Acropolis - Athens, Definition & Greece | HISTORY (2024)

What Is the Acropolis?

The term “acropolis” means “high city” in Greek and can refer to one of many natural strongholds constructed on rocky, elevated ground in Greece, but the Acropolis of Athens is the best known.

Made of limestone rock that dates to the Late Cretaceous period when dinosaurs still roamed the earth, the Acropolis is located on the Attica plateau of Greece and includes four hills:

  • Likavitos Hill
  • Hill of the Nymphs
  • The Pynx Hill
  • Philapappos Hill

Rebuilding Acropolis

How Old is theAcropolis?

The Acropolis’ flat top is the result of thousands of years of construction beginning as far back as the Bronze Age.

There’s no recorded history of what happened at the Acropolis before the Mycenaeans cultivated it during the end of the Bronze Age. Historians believe the Mycenaeans built a massive compound surrounded by a great wall (almost 15 feet thick and 20 feet high) on top of the Acropolis to house the local ruler and his household.

Years later, the Athenians built a Doric temple made of limestone, known as Bluebeard Temple, on the northeast side of the hill in honor of the goddess Athena in the sixth century B.C. It was named after a sculpture that adorned the building that depicted a man-serpent with three blue beards.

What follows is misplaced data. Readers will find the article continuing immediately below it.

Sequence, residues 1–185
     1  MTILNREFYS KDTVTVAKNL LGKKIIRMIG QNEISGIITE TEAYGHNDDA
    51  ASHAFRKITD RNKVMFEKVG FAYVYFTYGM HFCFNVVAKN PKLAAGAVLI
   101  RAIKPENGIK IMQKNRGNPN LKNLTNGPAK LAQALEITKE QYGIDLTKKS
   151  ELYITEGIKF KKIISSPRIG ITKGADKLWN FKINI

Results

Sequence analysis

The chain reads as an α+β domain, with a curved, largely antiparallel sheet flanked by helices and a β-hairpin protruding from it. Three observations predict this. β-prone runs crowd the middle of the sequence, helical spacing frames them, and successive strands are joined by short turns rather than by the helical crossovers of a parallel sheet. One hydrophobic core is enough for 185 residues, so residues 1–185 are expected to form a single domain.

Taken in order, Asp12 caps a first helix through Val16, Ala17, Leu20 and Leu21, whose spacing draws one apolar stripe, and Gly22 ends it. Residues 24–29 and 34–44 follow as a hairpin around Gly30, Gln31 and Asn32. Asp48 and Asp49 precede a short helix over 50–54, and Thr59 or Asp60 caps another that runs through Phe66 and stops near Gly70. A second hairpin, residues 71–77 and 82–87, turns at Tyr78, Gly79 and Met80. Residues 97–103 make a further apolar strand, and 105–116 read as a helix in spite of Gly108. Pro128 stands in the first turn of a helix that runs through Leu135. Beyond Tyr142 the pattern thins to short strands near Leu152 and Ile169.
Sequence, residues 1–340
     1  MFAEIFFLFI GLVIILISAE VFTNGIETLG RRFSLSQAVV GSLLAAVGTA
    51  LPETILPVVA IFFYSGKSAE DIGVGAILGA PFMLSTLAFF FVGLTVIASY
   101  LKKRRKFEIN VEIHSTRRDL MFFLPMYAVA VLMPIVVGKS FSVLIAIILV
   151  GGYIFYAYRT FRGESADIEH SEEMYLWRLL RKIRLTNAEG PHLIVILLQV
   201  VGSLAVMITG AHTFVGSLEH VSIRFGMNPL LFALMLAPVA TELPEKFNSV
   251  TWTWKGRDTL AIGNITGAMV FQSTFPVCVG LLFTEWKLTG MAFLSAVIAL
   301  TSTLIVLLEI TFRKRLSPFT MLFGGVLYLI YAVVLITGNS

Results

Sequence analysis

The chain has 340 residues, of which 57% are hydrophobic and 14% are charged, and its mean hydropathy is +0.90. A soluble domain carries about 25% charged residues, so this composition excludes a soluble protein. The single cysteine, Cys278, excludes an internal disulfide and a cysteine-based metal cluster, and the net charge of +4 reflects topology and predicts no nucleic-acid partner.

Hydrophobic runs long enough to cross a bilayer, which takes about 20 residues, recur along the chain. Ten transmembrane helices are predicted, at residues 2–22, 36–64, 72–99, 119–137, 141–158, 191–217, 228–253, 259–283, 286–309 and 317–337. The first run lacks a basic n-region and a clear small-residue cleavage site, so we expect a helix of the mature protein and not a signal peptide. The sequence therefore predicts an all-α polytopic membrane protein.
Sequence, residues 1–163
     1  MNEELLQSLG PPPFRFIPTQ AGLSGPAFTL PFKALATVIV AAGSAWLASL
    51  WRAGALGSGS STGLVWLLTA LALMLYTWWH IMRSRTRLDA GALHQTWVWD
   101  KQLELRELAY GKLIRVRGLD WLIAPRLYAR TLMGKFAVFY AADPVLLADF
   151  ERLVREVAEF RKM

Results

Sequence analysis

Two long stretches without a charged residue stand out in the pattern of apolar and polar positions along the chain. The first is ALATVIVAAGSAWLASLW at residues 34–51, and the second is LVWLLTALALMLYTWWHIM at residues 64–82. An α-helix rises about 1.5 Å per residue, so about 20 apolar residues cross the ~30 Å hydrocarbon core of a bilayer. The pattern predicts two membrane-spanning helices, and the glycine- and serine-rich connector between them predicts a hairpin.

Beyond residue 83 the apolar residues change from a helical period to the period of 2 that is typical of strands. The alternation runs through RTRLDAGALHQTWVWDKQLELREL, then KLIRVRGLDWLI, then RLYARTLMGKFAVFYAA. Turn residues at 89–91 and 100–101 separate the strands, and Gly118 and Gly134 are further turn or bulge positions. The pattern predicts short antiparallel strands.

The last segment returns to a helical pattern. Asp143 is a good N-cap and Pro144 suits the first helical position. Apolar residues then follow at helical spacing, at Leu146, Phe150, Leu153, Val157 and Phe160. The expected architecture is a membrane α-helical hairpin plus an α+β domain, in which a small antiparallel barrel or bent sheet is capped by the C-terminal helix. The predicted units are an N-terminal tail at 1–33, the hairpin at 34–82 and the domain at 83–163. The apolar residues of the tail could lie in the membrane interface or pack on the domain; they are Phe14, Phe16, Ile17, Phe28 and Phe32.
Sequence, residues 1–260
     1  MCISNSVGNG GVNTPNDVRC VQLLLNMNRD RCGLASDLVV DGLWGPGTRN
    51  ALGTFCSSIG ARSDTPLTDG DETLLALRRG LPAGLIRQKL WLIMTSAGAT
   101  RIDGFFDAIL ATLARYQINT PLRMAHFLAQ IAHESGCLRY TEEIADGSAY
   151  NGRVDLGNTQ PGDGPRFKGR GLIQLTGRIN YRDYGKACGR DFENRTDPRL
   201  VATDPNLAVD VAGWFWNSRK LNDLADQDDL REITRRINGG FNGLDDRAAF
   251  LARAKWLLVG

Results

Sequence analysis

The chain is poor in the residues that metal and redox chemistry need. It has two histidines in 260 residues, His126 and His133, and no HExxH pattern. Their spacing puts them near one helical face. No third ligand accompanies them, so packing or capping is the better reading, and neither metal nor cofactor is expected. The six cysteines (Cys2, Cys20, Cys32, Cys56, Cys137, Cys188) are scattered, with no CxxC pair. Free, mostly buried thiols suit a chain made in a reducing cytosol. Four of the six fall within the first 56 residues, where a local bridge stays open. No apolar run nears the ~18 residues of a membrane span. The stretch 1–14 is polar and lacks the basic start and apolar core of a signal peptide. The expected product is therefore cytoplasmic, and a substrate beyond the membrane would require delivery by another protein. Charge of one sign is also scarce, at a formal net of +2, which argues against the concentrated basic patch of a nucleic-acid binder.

Another temple dedicated to the Athena was also erected in the same century, as was a shrine to Artemis Brauronia, the goddess of expectant mothers in Greek mythology.

During the Greek Dark Ages (800 B.C. to 480. B.C.), the Acropolis remained largely intact. Many religious festivals were held there, and the artifacts of the time reflected the grandeur of ancient Athens.

History Lists: Ancient Empire Builders

Around 490 B.C., the Athenians started building a majestic marble temple known as the Old Parthenon. By that time, the Bluebeard Temple had been demolished by the Persians.

In 480 B.C., the Persians attacked again and burned, leveled and looted the Old Parthenon and almost every other structure at the Acropolis. To prevent further losses, the Athenians buried the remaining sculptures inside natural caves and built two new fortifications, one of the rock’s north side and one on its south.

Golden Age of the Acropolis

If the Acropolis was impressive during the Mycenaean Civilization, it was nothing short of spectacular during the Golden Age of Athens (460 B.C. to 430 B.C.) under the rule of Pericles when Athens was at its cultural peak.